Hippocampal anatomyA small study (37 subjects) in Nature Neuroscience showed that healthy people, ages 50 to 69, who drank a mixture high in cocoa flavanols (epicatechin being the most important) for three months performed better on a memory test than people who drank a low-flavanol mixture. Using a highly sensitive variant of functional magnetic resonance imaging (fMRI), they looked at a specific area of the brain, the dentate gyrus (DG) of the hippocampus. The hippocampus is a sea horse-shaped area in the brain where memories are made and stored. It had been known that decline in the DG function is associated with the decline in age-related memory. But how do you show a definitive cause and effect? One way is to show that DG-associated memory decline in otherwise healthy elders can be improved by interventions that enhance DG function.

Using a high-resolution variant of fMRI, the researchers mapped the precise site of age-related DG dysfunction. They also developed a cognitive task—a pattern recognition test involving the kind of skill used in remembering where you parked the car or recalling the face of someone you just met—whose function is localized to this anatomical site. Then, in a controlled randomized trial, they applied these tools (fMRI and the cognitive task test) to study the subjects who consumed either a high or low cocoa flavanol-containing diet. The high-flavanol group performed about 25 percent better than the low-flavanol group. This result is even more impressive when you learn that the high-flavanol drinkers performed like people two to three decades younger on the study’s memory task!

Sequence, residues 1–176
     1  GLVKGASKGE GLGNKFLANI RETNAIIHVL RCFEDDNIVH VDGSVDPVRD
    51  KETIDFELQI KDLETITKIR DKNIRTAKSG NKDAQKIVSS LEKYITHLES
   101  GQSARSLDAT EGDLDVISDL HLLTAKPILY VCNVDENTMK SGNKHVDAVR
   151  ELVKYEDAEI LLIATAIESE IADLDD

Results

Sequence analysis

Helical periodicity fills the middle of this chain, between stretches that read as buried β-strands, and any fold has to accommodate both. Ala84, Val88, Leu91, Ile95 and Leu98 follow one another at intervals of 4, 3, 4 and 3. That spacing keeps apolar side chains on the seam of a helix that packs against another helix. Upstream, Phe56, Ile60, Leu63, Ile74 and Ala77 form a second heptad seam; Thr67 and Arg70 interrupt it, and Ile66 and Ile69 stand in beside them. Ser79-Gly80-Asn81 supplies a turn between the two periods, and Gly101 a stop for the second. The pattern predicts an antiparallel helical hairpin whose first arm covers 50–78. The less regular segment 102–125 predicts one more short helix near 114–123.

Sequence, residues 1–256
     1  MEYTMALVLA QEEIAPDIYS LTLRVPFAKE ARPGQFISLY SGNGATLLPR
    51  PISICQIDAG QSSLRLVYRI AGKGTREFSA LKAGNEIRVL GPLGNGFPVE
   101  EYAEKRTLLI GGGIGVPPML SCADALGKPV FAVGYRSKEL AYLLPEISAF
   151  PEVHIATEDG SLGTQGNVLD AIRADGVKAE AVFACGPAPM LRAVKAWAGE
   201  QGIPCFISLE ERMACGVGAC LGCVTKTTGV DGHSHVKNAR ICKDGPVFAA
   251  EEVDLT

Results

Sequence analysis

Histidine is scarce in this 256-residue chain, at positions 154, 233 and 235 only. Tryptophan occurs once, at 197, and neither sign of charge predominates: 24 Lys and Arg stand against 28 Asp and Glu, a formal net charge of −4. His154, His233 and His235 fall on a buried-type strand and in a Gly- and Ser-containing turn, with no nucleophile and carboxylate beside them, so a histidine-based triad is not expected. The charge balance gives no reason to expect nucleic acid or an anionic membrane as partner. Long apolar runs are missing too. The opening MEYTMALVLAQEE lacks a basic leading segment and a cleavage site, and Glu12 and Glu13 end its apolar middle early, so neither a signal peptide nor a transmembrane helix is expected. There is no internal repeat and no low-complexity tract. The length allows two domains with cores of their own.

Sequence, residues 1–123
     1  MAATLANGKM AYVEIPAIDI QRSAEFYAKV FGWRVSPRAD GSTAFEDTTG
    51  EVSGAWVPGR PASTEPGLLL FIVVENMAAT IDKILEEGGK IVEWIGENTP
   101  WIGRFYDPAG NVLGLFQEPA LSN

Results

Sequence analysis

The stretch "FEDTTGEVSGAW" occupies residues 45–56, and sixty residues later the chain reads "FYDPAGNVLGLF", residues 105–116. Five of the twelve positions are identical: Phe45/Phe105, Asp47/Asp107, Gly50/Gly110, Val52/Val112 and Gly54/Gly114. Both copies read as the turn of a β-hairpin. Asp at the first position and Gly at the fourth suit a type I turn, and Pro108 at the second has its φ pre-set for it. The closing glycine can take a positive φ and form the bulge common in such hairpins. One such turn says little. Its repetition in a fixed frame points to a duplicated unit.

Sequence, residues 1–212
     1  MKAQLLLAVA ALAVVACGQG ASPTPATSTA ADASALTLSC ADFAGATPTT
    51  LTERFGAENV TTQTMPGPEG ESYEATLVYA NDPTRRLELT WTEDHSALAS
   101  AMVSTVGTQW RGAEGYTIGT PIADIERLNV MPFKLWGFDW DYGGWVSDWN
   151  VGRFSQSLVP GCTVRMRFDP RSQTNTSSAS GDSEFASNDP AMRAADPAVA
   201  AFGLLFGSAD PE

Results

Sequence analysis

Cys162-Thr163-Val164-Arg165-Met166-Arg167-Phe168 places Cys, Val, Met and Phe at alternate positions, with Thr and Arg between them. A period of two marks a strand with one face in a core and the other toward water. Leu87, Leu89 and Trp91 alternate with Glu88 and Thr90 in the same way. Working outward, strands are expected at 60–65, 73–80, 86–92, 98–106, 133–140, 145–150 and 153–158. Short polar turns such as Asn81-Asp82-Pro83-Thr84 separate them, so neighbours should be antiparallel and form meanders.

How can such a remarkable result be explained? Flavanols, and epicatechin, in particular, have been shown to increase blood flow. But this effect is not specific to the hippocampus; other areas of the brain also show increased blood flow. A more likely explanation, according to the authors of the study, is that epicatechin causes an increase in the number of dendrites, the tiny spines that form the connections between neurons. And, such interconnecting groups of neurons are where memories are stored.

The study is obviously small and needs repeating in a larger experiment. But the possibility that age-related memory loss can be reversed with a simple molecule like epicatechin is tantalizing. And that dark chocolate contains this blessed molecule is, well, delicious.


Does it have to be dark?

We keep referring to dark chocolate providing health benefits. What about milk chocolate, the favorite of most people in the U.S? Sorry guys, it turns out that epicatechin is destroyed by the processing involved in the manufacture of milk chocolate. If you want chocolate that is good and good for you, it has to be dark!

Featured photo credit:

Dov Michaeli, MD, PhD
Dov Michaeli, MD, PhD loves to write about the brain and human behavior as well as translate complicated basic science concepts into entertainment for the rest of us. He was a professor at the University of California San Francisco before leaving to enter the world of biotech. He served as the Chief Medical Officer of biotech companies, including Aphton Corporation. He also founded and served as the CEO of Madah Medica, an early stage biotech company developing products to improve post-surgical pain control. He is now retired and enjoys working out, following the stock market, travelling the world, and, of course, writing for TDWI.